The study, with the participation of Dr. Carina Lange, IDEAL Center researcher, shows that ice coverage from the glaciers of the Darwin Mountain Range retreated just over 14,300 years ago.
The main objective of the research of this group of scientists was to reconstruct fluctuations in glacial coverage of Almirantazgo Sound, a fjord located in western Tierra del Fuego, in the Magallanes and Chilean Antarctic Region.
Collaborators for this study came from the Center for the Dynamic Research of High Latitude Marine Ecosystems (IDEAL) of the Universidad Austral de Chile, South-Austral COPAS of the Universidad de Concepción, University of Ghent (Belgium), Woods Hole Oceanographic Institution, and University of Houston.
In 2005, the “Chilean Inland Passage” expedition was carried out on board the American icebreaker, Nathaniel Palmer. One area studied for geological and paleoclimate purposes included Almirantazgo Sound and Ainsworth Bay, near the Marinelli glacier, where several sediment cores (5-13 meters long) were collected. The cores were sampled with different objectives: some were used exclusively for geological analyses whereas others were also analyzed for chemical and biological purposes. After being described, reviewed, and sub-sampled on board, the cores were sent to various specialized laboratories.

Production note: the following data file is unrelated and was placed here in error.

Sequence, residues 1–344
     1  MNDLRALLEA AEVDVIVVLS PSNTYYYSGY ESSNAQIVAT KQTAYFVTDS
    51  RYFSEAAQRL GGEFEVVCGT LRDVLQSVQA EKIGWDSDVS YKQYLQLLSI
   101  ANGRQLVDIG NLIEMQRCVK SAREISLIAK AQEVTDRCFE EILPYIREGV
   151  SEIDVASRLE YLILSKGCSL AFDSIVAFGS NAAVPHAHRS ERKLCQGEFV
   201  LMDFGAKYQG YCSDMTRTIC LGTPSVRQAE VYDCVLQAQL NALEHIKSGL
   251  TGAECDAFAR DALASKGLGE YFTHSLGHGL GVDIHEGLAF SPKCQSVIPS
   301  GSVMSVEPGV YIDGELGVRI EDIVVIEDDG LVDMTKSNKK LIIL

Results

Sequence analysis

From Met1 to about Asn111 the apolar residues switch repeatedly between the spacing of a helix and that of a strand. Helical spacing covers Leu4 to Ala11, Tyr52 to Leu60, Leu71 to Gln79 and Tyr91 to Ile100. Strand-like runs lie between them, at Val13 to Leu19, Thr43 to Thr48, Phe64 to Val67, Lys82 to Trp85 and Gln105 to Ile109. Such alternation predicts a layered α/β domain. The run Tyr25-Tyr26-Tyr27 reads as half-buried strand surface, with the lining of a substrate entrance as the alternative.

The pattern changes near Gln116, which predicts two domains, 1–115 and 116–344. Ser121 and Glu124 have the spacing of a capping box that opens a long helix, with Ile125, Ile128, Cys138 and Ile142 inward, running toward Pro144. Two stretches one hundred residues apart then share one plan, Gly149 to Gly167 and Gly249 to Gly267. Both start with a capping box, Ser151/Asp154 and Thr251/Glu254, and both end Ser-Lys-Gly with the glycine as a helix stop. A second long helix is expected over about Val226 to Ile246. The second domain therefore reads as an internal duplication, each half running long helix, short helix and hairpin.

“In high latitude Southern Hemisphere paleoclimate studies, one of the key questions is when deglaciation occurred in the Chilean Patagonia, which is when the great Patagonian ice cap melted resulting in the formation of the ice fields observed today: Campo de Hielo Norte, Campo de Hielo Sur, and Campo de Hielo Cordillera Darwin,” explains IDEAL Center and South-Austral COPAS researcher, Dr. Carina Lange.
The collaborative research showed that Almirantazgo Sound began to lose its ice cover over 14,300 years ago.
“Since that date, and through a series of advances and retreats in the ice coverage, sedimentological analyses indicate that starting 12,300 years ago, the area was transformed into an open environment, and as of 9,800 years ago it became what we know today as Almirantazgo Sound, a predominantly saline fjord,” says Dr. Lange.
The researchers detected advances and retreats from that date in the area of the glaciers making up part of the Darwin Mountain Range as a result of various natural global changes that occurred in the Holocene, beginning approximately 11,000 years ago.
“The Darwin Mountain Range is made up of hundreds of glaciers. The largest is the Marinelli glacier, which is the most studied given its great retreat in recent decades,” says Dr. Lange.
In parallel, the study revealed two major melting events in the last 3,200 years. “These events, which indicate rapid glacial retreat, negatively affected marine productivity and changed the salinity of Almirantazgo Sound, reflecting the freshening effect on the waters of the fjord,” concludes Dr. Lange.
These scientific results highlight the potential of fjord sediments to act as paleoclimate archives for high resolution reconstructions of past glacier variability on a scale of hundreds to thousands of years.